|Budget Amount *help
¥3,600,000 (Direct Cost: ¥3,600,000)
Fiscal Year 2003: ¥1,000,000 (Direct Cost: ¥1,000,000)
Fiscal Year 2002: ¥800,000 (Direct Cost: ¥800,000)
Fiscal Year 2001: ¥1,800,000 (Direct Cost: ¥1,800,000)
Bone mineral density (BMD) was measured over a ten year period in a cohort study in a mountain village, Wakayama Prefecture, Japan, to provide information on rate of bone loss in the mature and elderly population and to compare the temporal course of BMD between fast bone losers and normal residents.
Four-hundred subjects were selected by sex and age from the full list of residents born, in 1910-1949, and BMD of the lumbar spine and proximal femur was measured using dual energy X-ray absorptiometry (DXA) at the baseline, third, severth, and 10th years. Annual rate of change in BMD (% per year) in the lumbar spine in men in their forties, fifties, sixties and seventies was 0.17, 0.55, 0.01 and -0.16, respectively, and in women, -0.87, -0.83, -0.48 and -0.48, respectively. Thus in men, BMD at the lumbar spine increased in all age strata but the oldest, when it decreased, while in women, it decreased in all age strata.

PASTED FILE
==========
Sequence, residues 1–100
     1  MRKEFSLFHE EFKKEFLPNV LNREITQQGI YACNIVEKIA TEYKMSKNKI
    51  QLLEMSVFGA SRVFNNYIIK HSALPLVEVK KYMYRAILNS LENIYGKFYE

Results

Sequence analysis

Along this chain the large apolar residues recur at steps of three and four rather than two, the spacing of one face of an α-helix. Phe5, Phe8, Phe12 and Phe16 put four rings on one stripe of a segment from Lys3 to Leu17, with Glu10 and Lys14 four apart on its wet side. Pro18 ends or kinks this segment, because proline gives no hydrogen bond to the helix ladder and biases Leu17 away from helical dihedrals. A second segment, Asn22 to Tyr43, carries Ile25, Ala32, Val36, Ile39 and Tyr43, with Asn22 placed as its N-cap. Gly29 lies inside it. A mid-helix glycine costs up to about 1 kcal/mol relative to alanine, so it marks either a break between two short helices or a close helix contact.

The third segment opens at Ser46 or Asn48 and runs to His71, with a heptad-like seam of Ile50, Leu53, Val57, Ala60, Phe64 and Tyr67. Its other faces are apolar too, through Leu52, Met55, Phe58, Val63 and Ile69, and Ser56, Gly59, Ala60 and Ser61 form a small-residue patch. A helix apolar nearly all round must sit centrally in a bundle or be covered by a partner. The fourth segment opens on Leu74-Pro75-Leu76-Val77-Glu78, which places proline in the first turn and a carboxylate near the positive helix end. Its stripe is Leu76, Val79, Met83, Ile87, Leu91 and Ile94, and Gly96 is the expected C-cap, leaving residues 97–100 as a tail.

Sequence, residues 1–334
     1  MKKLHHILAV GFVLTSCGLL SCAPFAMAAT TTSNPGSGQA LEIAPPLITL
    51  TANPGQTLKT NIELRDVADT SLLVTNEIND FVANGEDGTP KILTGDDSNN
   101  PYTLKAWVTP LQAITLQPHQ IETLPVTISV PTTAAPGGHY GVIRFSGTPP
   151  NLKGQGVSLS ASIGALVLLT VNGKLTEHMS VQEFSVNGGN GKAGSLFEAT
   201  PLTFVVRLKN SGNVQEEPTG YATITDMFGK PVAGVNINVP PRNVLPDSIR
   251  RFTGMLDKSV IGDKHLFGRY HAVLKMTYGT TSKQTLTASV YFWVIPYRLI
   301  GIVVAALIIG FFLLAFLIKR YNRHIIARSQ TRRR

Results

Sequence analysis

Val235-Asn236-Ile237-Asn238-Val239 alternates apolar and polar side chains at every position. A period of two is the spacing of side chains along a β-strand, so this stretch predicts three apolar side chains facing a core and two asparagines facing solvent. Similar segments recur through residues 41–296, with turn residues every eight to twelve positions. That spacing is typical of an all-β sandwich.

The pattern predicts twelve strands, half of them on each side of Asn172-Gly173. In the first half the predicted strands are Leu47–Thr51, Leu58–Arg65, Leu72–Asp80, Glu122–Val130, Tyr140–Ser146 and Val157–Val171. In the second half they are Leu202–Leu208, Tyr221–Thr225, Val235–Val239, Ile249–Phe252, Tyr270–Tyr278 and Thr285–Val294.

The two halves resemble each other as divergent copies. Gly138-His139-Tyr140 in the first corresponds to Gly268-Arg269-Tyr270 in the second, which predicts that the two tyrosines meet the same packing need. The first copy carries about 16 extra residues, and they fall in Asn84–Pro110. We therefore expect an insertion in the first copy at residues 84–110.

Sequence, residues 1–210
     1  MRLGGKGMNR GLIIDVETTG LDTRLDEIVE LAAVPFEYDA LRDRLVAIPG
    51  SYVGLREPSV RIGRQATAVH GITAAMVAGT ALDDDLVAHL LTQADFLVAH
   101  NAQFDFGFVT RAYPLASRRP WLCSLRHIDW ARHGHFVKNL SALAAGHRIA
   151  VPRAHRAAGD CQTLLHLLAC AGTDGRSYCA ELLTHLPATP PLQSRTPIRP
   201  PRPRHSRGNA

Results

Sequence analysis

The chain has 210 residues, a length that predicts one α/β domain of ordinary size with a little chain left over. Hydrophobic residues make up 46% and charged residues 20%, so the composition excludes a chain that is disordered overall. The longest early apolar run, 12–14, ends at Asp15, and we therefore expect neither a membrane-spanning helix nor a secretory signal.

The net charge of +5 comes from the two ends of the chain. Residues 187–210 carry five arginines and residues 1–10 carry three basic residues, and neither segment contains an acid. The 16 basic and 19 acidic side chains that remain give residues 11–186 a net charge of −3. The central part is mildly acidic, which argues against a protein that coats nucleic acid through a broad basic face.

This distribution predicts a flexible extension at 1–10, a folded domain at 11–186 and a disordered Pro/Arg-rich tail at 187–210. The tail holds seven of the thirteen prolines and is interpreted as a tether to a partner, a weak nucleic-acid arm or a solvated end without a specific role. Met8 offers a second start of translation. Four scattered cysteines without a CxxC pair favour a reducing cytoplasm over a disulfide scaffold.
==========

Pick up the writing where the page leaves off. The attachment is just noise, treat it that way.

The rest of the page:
MD at the proximal femur decreased in both sexes in all age strata. Our results show that bone loss rates differ depending on die site involved, demonstrating that different strategies are needed for the prevention of bone loss in the spine and hip. Fast bone losers were defined as those subjects demonstrating an excess bone loss that was the greatest tertile of the distribution of bone loss between initial three years, and the rest were classified as normal subjects. Although mean values of BMD at lumbar spine over a ten year period decreased steeply in both fast bone losers and normal subjects, those for fast bone losers was significantly lower than that of normal subjects (P<0.01). However, there was no difference of mean rate of change for BMD over ten years between fast bone losers and normal subjects.